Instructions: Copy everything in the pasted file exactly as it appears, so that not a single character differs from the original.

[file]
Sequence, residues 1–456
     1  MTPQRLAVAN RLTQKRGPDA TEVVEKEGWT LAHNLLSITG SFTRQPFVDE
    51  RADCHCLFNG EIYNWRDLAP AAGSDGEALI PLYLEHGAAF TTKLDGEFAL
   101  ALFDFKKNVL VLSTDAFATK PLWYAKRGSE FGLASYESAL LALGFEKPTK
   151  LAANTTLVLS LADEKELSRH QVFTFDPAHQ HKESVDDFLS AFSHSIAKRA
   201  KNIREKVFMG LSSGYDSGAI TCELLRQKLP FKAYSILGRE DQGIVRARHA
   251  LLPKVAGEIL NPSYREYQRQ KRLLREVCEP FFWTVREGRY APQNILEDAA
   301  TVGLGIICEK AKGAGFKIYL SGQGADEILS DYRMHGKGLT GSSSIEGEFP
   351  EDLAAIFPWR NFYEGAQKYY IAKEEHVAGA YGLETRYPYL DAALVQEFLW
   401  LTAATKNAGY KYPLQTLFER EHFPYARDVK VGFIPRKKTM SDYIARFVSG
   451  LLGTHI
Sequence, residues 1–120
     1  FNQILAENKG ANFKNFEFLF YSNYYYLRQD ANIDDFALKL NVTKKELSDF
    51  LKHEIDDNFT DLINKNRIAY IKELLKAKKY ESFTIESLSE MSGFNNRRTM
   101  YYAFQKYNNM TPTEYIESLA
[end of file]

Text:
Sequence, residues 1–456
     1  MTPQRLAVAN RLTQKRGPDA TEVVEKEGWT LAHNLLSITG SFTRQPFVDE
    51  RADCHCLFNG EIYNWRDLAP AAGSDGEALI PLYLEHGAAF TTKLDGEFAL
   101  ALFDFKKNVL VLSTDAFATK PLWYAKRGSE FGLASYESAL LALGFEKPTK
   151  LAANTTLVLS LADEKELSRH QVFTFDPAHQ HKESVDDFLS AFSHSIAKRA
   201  KNIREKVFMG LSSGYDSGAI TCELLRQKLP FKAYSILGRE DQGIVRARHA
   251  LLPKVAGEIL NPSYREYQRQ KRLLREVCEP FFWTVREGRY APQNILEDAA
   301  TVGLGIICEK AKGAGFKIYL SGQGADEILS DYRMHGKGLT GSSSIEGEFP
   351  EDLAAIFPWR NFYEGAQKYY IAKEEHVAGA YGLETRYPYL DAALVQEFLW
   401  LTAATKNAGY KYPLQTLFER EHFPYARDVK VGFIPRKKTM SDYIARFVSG
   451  LLGTHI
Sequence, residues 1–120
     1  FNQILAENKG ANFKNFEFLF YSNYYYLRQD ANIDDFALKL NVTKKELSDF
    51  LKHEIDDNFT DLINKNRIAY IKELLKAKKY ESFTIESLSE MSGFNNRRTM
   101  YYAFQKYNNM TPTEYIESLA